At times like this, I recall my Tulane University statistics professor's famous mantra: "It's about the data!" [Hi Russ!]
Yesterday, I posted a link to a NY Times article reporting that the National Association of Realtor's analysis of existing homes sales in September showed an 8% drop in sales compared to August. Well, they [the NY Times] didn't tell the full story. NAR states that, nationally, seasonally adjusted sales data year over year (YoY) showed:
- Unit sales dropped 19.1%
- Prices dropped 4.2%
Strip out seasonal adjustments and national sales data show:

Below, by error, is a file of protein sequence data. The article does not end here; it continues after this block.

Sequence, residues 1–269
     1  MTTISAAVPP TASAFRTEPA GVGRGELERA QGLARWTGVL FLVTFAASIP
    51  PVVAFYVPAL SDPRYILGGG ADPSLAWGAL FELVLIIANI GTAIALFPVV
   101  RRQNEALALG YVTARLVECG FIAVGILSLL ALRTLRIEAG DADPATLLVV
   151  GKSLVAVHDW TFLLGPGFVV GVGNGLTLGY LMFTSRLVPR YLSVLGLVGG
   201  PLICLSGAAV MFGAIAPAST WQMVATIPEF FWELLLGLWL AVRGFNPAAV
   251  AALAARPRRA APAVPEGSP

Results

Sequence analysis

- Unit sales dropped 28.9% from August to September
- Unit sales dropped 22.7% YoY
- Prices dropped 3.2% YoY
In today's NY Times we read:
Global Insight, a research firm, predicts that the national average for housing prices will drop 5 percent over the next year and 10 percent before mid-2009, for a total of about $2 trillion. Economists at Goldman Sachs have predicted prices will drop by 15 percent, meaning an overall decline of more than $3 trillion; other forecasters have said the decline could be 20 percent or more.
NAR's explanation for its findings:
Temporary problems in the mortgage market are easing and are expected to free some pent-up demand, but disrupted existing-home sales and distorted prices on sales closed in September, according to the National Association of Realtors®. Even so, prices rose in the Northeast and Midwest.
Is this what they call "whistling past the graveyard?"